Trans-Tech Inc. restructures, taps into new markets

March 20, 1994|By Ted Shelsby | Ted Shelsby,Sun Staff Writer

ADAMSTOWN -- Diversification in the defense industry is not as simple as beating a sword into a plowshare, companies are finding as they search for new products and markets.

The struggles have been so widespread that Norman R. Augustine, Martin Marietta Corp.'s chief executive, draws rueful smiles from colleagues when he says: "The industry's record is unblemished by success."

But one Maryland company apparently didn't get the word that it was supposed to fail.

Trans-Tech Inc., a small manufacturer in this rural crossroads of Southern Frederick County, may in fact be a textbook case of post-Cold War restructuring.

The 38-year-old company developed and thrived by supplying ceramic parts used in the Patriot and Hawk missiles, B-1B bomber and the Aegis shipboard weapon system. But it shows no signs of suffering from the Pentagon's deep budget cuts.

The factory floor is humming with activity two shifts a day and sales are growing at a rate of 20 percent a year. And while other companies are laying off workers and consolidating, Trans-Tech is expanding -- recently opening a new plant in Frederick and another in France -- and has added more than a hundred workers.

If it's so simple, then why are so many other companies struggling to cope with defense cutbacks? The answer, of course, is that it was not easy at all for Trans-Tech.

Seven years ago, the company concluded it had to diversify to survive. It meant not just branching out into new markets, but virtually a complete restructuring.

At the time, 90 percent of Trans-Tech's sales came from the military, it's annual growth hovered around an anemic 3 percent and it exported only about 10 percent of its products.

All of that has changed, and almost everyone credits Joseph J. Alberici, the 37-year-old president and chief executive officer, for the remarkable turn around.

Mr. Alberici was hired by Trans-Tech's parent company, Alpha Industries Inc., in 1987 and told to do what many thought to be impossible: find new markets and make sales soar.

Mr. Alberici, who had been with Murata Erie North America, a subsidiary of Murata Manufacturing Co., the large ($3.4 billion in sales) Japanese electronics firm, was one of the few who believed the goals could be achieved.

Even Trans-Tech's employees doubted that success would result. But while the workers grumbled, Mr. Alberici searched for new applications for the company's products.

He found, for instance, that the ceramic insulators used in the radar that guides the Patriot missile could also be used in cellular telephones, global position satellite equipment, telecommunication products, satellite television receivers and wireless computer communication links.

But Trans-Tech learned that the difference between military and commercial markets is like night and day. To succeed, the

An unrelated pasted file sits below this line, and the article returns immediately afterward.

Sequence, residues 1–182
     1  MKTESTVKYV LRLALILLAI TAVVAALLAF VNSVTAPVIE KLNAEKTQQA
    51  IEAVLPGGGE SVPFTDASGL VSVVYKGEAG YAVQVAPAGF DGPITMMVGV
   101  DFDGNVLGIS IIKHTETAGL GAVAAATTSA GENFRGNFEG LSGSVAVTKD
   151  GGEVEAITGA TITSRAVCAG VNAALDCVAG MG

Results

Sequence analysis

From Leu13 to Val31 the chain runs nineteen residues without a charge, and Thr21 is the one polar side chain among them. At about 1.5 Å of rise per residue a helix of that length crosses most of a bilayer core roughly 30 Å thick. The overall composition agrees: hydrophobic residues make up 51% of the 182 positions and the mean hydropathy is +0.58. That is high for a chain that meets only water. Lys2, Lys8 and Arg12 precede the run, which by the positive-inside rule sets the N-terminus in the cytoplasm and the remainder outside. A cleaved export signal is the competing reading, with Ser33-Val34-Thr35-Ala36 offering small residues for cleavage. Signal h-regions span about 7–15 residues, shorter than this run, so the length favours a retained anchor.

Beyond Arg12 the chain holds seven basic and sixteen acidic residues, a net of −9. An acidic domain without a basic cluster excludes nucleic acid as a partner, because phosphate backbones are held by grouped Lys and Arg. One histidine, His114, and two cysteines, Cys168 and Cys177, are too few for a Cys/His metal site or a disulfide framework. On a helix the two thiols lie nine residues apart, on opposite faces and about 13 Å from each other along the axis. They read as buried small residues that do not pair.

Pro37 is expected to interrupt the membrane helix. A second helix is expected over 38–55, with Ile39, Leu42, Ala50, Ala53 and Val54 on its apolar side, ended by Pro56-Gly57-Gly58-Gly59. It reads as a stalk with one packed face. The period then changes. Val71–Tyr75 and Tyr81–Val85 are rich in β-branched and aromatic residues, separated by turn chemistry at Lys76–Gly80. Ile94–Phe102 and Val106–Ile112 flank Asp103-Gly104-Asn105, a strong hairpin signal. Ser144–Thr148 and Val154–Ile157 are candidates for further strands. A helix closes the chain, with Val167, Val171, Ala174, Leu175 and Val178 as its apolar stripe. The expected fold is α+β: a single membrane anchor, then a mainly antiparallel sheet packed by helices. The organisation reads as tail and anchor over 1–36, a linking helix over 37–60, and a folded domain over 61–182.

company had to greatly reduce the time it took to design and manufacture new products, slash per-unit costs, and significantly increase the number of units produced on each production run.

And some of the biggest obstacles came from within the company.

"I can't remember how many times I heard workers say,'There's no way we can do this. This guy's crazy. He just doesn't understand how we do things around here,' " Mr. Alberici recalls.

Production runs had to be expanded from 500 to 1,000 pieces to 20,000, 50,000 and even 100,000 parts. And it was no longer acceptable to have 30 percent of the parts failing to pass inspection.

"The commercial market doesn't afford the company such a luxury," Mr. Alberici told his employees. "In the commercial market parts are priced so competitively, you make them right the first time or you lose money."

There were other challenges as well. Trans-Tech's parent, Alpha Industries of Woburn, Mass., was having financial troubles and could not offer financial support.

The shift in strategy also put Trans-Tech on a collision course with some fierce Japanese competitors with strong footholds in the market. On top of all this, the company was moving into new markets where the price of its products was dropping as much as 30 percent annually.

It's no wonder that a number of Trans-Tech workers had doubts about Mr. Alberici and the course he had put the company on.

"Yeah, I thought he was crazy," recalled Jerry Hahn, a 38 year-old assistant supervisor in the machine shop. "But I wasn't alone. About 95 percent of the people in the company felt that way."

Mr. Hahn, who joined the company as an assembly line worker fresh out of Frederick High School 18 years ago, said things were much different when the company was primarily a defense contractor.

"We more more laid back. We had a six to eight week turn-around," he said, referring to the time it took between receiving an order and shipping the products.

"We were in low gear. The atmosphere was one of being very relaxed," Mr. Hahn said. "We were set in our ways -- we had been doing it this way for 20 years."

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